This is going to be the most colorful post till date, commemorating the Hindu festival of color Holi in every form. Holi is the festival of life and merriment. Color plays an important part in Human psychology. It has that inherent power to cure many things, and as the season changes the languidness of Winter mellows beautifully into cheerfulness of the colorful Spring, and in India Spring has more warmer tones than in other parts of the world, there is splash of life in nature too with colorful flowers, and new leaves, nature comes alive with colorful hues of pink, red and yellow just like Holi.
While it is true that we had not played Holi since more than a decade, partly because of our relocation to many places and partly because I feel that the true essence of Holi is losing its meaning, but making the sweet and snack platter for ourselves and few invited guests is the ritual that we are following since long. Holi will always remain my most favourite festival.
In days of yore, when Holi was not an excuse to show your darker sides, the color of festival looks entirely different in sleepy towns where I had spent a quarter of my life in comparison to the cities. While Bacchan’s rang barse had permanently etched in our memory as Holi song, there are many folk songs and classical raag based songs that used to be part of Holi festival. The days wore festive look since morning as everyone in the town, small or big, rich or poor gathered around the festoon covered Radha-Krishna temple to have a glimpse of jhanki or tableau, for Lord’s blessings. The essence of Holi is as pure and pious as the divine love of Radha and Krishna. It also reflects our oneness with nature as just like the festival, we see a galore of colorful flowers blossoming all around us. Holi signified mangal milan with colors of knowledge by renouncing vanity, rivalry, enmity, jealousy, greed leading unity and oneness of humanity.
A week before Holi, the houses decked up in festive fervor, with Spring cleaning going on in full swing. My Mom started planning the menu platter a week before and took utmost care not to repeat the same dish, each year she will make something different for Holi, except the Gujiya that she will make like a ritual. Holi without gujiya seems like holi without colors. Rituals die hard and to this day I am following the same.
But with a 10 month old baby who suddenly started refusing any food, this year Holi platter looks empty with just Thandai Panna cotta. I had added few dried rose leaves in good measure to bring out the colors of Holi, and tried to capture the cheerfulness of the festival. In days before Holi my baby fell twice, from the swing and then from the bed, and we had to rush to her pedia to assure that there are no concussions in her head. So the post kept lying in my folder and did not get enough time to share this beautiful simple and delicious dessert with you on time.
And it is never too late to have thandai, as it also means coolant and in the coming Summer days, you will enjoy it even more. Like any coolant that rejuvenates the soul, thandai is essentially a milk and nut based beverage that balances the heat in the body as our body prepares up for more warmer days. The drink is served cold, sometimes with ice cubes if temperatures are soaring up. But during Holi, the weather remains pleasant, mildly warmer and the evenings are so enjoyable. Calm and breezy.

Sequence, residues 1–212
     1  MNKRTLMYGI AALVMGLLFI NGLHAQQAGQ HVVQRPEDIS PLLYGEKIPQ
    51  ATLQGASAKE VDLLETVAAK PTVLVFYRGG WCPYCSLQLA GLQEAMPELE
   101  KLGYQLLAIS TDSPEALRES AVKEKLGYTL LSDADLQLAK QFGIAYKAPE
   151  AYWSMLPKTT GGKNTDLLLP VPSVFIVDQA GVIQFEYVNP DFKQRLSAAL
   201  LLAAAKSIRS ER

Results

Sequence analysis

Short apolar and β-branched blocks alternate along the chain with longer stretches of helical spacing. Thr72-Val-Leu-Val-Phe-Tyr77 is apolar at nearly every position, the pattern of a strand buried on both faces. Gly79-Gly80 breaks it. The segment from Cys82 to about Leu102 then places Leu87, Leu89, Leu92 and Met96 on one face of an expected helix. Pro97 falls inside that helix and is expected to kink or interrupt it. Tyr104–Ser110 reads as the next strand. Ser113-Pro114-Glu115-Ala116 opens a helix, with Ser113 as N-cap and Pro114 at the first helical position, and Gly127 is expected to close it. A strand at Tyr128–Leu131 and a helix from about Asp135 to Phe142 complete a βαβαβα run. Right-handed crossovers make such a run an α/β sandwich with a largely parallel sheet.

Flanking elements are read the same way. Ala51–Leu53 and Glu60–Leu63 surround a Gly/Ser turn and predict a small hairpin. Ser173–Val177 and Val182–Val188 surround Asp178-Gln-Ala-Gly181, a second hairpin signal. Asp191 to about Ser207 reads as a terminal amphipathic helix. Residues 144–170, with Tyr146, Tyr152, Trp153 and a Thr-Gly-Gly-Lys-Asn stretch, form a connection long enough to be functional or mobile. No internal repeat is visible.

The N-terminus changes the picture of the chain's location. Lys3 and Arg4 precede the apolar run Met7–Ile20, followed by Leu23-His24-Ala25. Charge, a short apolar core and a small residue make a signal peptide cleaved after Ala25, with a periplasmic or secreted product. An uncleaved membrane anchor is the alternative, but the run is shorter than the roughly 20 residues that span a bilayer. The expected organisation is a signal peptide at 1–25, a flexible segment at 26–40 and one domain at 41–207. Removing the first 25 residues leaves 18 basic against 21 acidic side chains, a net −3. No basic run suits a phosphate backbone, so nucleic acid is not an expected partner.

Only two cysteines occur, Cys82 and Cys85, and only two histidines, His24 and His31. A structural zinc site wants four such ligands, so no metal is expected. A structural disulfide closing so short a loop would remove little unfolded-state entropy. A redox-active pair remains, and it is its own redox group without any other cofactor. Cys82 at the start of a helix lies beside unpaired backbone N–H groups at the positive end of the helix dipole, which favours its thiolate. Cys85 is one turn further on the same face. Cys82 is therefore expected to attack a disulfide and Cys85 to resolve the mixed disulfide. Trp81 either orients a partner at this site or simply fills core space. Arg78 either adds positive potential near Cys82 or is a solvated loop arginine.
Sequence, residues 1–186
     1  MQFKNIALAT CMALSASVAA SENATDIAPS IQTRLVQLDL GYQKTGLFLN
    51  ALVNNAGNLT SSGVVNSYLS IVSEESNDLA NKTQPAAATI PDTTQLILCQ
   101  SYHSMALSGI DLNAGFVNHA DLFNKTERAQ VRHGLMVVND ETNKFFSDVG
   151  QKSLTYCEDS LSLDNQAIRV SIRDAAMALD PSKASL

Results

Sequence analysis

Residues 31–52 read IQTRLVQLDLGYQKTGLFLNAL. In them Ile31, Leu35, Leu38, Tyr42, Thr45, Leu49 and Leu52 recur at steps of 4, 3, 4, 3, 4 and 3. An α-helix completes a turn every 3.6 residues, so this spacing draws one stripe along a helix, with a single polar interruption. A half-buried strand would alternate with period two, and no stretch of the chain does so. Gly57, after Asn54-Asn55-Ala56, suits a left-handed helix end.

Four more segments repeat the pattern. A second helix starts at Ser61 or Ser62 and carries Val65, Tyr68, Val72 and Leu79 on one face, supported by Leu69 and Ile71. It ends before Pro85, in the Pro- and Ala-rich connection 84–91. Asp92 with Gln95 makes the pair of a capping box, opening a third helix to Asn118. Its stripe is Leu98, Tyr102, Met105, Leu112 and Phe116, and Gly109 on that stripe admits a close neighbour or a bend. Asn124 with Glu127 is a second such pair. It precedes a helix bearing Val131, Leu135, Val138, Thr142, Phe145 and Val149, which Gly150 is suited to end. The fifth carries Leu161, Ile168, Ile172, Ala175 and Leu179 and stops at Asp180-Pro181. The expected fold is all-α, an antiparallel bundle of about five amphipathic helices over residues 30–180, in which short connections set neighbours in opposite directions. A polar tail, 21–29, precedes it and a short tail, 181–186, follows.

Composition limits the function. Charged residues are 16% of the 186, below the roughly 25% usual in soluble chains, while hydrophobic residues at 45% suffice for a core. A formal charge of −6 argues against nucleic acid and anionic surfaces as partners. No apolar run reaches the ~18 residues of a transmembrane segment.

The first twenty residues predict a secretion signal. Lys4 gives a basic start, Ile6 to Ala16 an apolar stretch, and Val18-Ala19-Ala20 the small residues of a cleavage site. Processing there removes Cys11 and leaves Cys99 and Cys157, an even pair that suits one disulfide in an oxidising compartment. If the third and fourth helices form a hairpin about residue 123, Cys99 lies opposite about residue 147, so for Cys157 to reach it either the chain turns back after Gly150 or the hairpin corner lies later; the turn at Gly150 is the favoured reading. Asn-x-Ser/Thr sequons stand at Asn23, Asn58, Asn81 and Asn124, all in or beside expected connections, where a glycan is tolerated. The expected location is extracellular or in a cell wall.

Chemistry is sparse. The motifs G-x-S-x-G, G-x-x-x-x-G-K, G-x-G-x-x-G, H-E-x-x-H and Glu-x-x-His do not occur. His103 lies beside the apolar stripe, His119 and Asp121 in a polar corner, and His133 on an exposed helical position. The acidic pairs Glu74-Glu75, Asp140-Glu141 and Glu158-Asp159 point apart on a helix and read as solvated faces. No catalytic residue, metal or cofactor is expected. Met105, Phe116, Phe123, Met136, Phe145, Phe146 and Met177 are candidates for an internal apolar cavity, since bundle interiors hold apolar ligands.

Some relationships are eternal. They complement each other, they can not exist without the other. Like Holi and Thandai. Traditionally thandai is prepared with bhang or cannabis, the plant that is known for its medicinal uses and also sacred to Hindus, in my town thandai was usually prepared without bhang so that all can enjoy it including kids. For bhang aficionados a secret platter of bhang ke pakore and bhang ke sharbat and ladoo used to be kept under tight security, well above the reach of children.
For thandai the nuts and spices are first soaked in water for hours and then grind in a mortar and pestle to a coarse paste. This was then added to the boiled milk and usually served at room temperature or chilled. So this year I let my imaginative mind fly high and had churned out this panna cotta in no time. The thandai spice powder was made before hand and all I need to add it to the coconut milk and then let the agar agar do its magic. In the morning, the panna cotta was deliciously set, creamy and flavorful. The recipe for thandai powder varies from hand to hand and after much trial and error I had arrived at this combination. While almond and poppy seeds are integral in my recipe, there are other optional too like cashew and pistachios. Rose and saffron brings out the colorful hues of Holi. And a drop of vetiver or khus brings out its true flavour but if you don’t get it easily, don’t fret over it, thandai taste delicious without that too.
- Almond : around 20-25 pieces
- Pistachio : around 12-15 pieces
- Melon seeds / charmagaz : 2 tbsp
- Fennel seeds : 2 tbsp
- Poppy seeds : 2 tbsp
- Black peppercorn : around 15
- Green cardamom : around 10
- Nutmeg powder : a large pinch
- Dried rose petals : 2tbsp
- Saffron : a large pinch
- Vetiver essence / khus ka ittar : few drops
- Coconut milk : 200 ml
- Agar agar powder (plant based unflavoured) : 1 tsp leveled
- Brown sugar / palm sugar : 3-4 tbsp as per taste
- Sun dry the nuts and spices together. Grind them in coffee grinder to a fine mix. Preserve in a sealed jar.
- In a heavy bottom pan, heat the coconut milk. Add the thandai spice powder, agar agar, sugar and let it heat through completely till the sugar dissolves and agar agar gets enough time to bloom.
- Don't boil the coconut milk, let it heated enough just before it reaches boiling point.
- Stir in the vetiver essence.
- Pour in serving dishes and let it cool to room temperature.
- Once it is cooled enough, keep it in the fridge for 4-5 hours or until it sets.
Happy Spring time,